Driving Workplace Wellness by Containing Costs of Chronic Health Conditions

Share on facebook
Share on twitter
Share on linkedin

Chronic conditions are health conditions that require ongoing management over an extended period of time. Some have very few symptoms, while others severely limit a person’s ability to perform everyday, routine tasks. Regardless, chronic conditions may deeply affect those who suffer from them.

In many cases, chronic conditions affect the workforce today, including cancer, diabetes, obesity, and cardiovascular disease. When left unchecked and unmanaged—for weeks, months or years—and can result in serious illness, hospitalization and death.

Treating chronic conditions may involve physician visits, extended hospital stays, prescription drugs and expensive treatments, as well as contributing to increased medical expenditures for employees. This article explores the impact chronic health conditions have on employers, as well as employees and what workplace strategies can be implemented to create a healthy workplace while containing associated costs.

The Cost of Chronic Conditions

According to the Centers for Disease Control and Prevention, 6 in 10 U.S. adults have a chronic disease—and 4 in 10 adults have two or more conditions. Furthermore, chronic diseases are the leading drivers of the nation’s $4.1 trillion in annual health care costs. Unsurprisingly, this is a significant source of financial pain for employers. According to the Partnership to Fight Chronic Disease, employer health care coverage for an employee with a chronic condition is, on average, five times higher than coverage for those without a chronic disease.

Unfortunately, many people deferred or delayed care amid the pandemic due to fear of contracting COVID-19. That, paired with employees experiencing long-term COVID-19 effects, means employers may face higher costs than usual as health care utilization and chronic condition spending increase. Additionally, experts report people increasing alcohol and tobacco consumption, poor nutrition habits and reduced physical activity. Such behavior changes during the pandemic are likely to have long-term adverse effects on the general population’s health.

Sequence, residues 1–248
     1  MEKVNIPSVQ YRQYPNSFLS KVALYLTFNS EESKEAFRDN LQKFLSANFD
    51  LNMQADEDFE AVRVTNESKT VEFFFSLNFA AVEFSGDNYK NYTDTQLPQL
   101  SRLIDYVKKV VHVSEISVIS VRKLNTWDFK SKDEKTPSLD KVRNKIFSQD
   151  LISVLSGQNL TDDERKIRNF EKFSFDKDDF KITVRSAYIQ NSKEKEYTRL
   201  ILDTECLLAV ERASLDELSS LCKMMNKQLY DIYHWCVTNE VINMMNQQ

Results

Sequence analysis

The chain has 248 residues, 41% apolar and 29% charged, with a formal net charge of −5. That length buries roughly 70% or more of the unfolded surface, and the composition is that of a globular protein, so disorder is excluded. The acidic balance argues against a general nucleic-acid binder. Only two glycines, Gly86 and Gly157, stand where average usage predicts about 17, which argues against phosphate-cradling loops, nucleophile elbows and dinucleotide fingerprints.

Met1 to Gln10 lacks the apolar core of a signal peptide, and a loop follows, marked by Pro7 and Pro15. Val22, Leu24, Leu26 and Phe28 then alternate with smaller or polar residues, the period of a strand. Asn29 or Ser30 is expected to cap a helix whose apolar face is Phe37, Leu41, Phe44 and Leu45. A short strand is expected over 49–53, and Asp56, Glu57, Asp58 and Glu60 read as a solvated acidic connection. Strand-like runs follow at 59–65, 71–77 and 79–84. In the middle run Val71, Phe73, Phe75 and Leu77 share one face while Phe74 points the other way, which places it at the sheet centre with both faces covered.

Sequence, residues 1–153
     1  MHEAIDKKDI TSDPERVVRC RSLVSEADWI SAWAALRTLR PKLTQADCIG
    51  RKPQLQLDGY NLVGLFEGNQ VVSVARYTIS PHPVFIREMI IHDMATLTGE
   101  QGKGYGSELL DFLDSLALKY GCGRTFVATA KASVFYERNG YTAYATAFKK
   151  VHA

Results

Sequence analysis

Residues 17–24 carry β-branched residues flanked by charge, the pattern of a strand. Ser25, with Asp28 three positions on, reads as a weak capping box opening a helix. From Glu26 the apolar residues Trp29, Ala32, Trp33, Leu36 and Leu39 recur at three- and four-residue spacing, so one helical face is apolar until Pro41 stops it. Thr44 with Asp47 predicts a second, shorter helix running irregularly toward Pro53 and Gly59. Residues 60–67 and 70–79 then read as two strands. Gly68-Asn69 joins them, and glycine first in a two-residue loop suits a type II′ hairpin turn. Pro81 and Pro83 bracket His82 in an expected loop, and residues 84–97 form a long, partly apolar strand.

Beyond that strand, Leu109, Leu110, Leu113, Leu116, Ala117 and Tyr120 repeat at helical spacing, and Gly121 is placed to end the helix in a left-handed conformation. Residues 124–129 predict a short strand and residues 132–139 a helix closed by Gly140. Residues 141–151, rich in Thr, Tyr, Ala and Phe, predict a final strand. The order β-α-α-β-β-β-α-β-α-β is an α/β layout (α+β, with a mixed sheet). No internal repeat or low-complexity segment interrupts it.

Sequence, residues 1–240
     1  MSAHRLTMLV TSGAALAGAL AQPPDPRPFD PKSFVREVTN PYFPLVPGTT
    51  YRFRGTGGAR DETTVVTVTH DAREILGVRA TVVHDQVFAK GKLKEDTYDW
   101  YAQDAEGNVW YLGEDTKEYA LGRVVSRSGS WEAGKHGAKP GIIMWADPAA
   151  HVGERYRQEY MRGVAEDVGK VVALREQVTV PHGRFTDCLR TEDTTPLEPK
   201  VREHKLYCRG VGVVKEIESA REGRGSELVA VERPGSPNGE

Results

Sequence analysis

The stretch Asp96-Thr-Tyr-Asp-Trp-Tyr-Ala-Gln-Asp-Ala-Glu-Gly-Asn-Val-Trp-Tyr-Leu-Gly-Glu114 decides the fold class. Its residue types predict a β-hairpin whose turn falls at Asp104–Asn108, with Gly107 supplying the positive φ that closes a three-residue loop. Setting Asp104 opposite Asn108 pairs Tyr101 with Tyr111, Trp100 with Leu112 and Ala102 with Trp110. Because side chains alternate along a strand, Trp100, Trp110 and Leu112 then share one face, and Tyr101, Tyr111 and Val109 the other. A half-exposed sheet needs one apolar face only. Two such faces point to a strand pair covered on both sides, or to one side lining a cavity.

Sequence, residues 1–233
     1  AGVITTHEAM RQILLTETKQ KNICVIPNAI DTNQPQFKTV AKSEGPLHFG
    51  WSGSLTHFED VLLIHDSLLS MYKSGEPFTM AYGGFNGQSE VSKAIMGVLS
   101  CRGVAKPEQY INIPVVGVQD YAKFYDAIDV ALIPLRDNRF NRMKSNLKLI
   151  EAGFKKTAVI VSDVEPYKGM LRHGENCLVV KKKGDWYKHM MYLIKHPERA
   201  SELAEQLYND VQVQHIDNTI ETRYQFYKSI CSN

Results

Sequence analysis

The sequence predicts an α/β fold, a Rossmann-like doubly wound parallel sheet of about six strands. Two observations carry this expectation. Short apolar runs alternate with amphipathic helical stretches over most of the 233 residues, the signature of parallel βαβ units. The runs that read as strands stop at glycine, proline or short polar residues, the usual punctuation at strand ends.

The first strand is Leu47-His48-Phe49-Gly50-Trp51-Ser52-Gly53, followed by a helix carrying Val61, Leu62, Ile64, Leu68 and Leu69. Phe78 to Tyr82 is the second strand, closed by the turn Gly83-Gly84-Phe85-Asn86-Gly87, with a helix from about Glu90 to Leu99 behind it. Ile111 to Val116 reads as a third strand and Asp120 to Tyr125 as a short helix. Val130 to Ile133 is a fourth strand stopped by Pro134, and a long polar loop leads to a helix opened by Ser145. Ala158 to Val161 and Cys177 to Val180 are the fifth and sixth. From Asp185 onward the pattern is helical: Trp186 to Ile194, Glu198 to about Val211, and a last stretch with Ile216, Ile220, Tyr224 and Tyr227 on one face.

Strategies for Employers To Consider

It’s crucial for individuals with or at risk for chronic conditions to receive treatment or preventive services and ensure they’re practicing healthy lifestyle habits. Fortunately, employers are uniquely positioned to help combat chronic conditions, which could, in turn, reduce their health care costs and yield a healthier workforce. Employers may consider the following strategies:

  • Focus on prevention – Many chronic conditions are preventable despite their devastating effects. Employers can help make preventive care affordable through medical benefits and also encourage the use of such critical care.
  • Be accommodating – Adjusting policies and programs can help address the needs of employees affected by chronic conditions. Employers may consider offering arrangements such as alternative worksites or other flexible work options to help make chronic care management and treatment more accessible. When employees can stay on schedule with appointments, medications and treatments to take care of themselves, they’ll be more likely to remain productive and engaged at work.
  • Make it personal – Care for chronic conditions can be complex, time-consuming and inconvenient. Employers might consider identifying programs that offer targeted messaging and support to keep employees informed, engaged and motivated to make healthy choices or changes. Access to health screenings, assessments and wellness coaches can help personalize an employee’s experience on their wellness journey.
  • Consider developing specific programs – The top causes of chronic conditions are tobacco usage, unhealthy diet and a lack of physical activity. Employers might, for example, provide a smoking cessation program or develop exercise programs to promote physical activity. Especially in today’s digital world, tools such as fitness apps and wearable devices can help employees make sustainable lifestyle changes.

In the end, employers have an opportunity to influence and encourage employees to successfully manage their conditions and develop healthy lifestyle habits. In general, a healthy workforce is a positive workforce and a value to an employer’s operations.



Employers are well-positioned to help fight chronic health conditions. Especially today, employers should address and strategize ways to contain associated costs. Additionally, employers can promote health and productivity among their workforces to maintain a healthy and positive workplace. Following a pandemic, it’s even more critical to get regular health care back on track to help employees better manage their chronic conditions and improve outcomes. Stay healthy!

Share this post if you like it

Share on facebook
Share on twitter
Share on linkedin

Subscribe to our newsletter

Join other HR leaders in getting expert advice and fresh insights on HR strategies, HR laws, talent acquisition, HR technology, and company culture.

Thank you!

We received your message. You will hear back from us at the earliest time possible.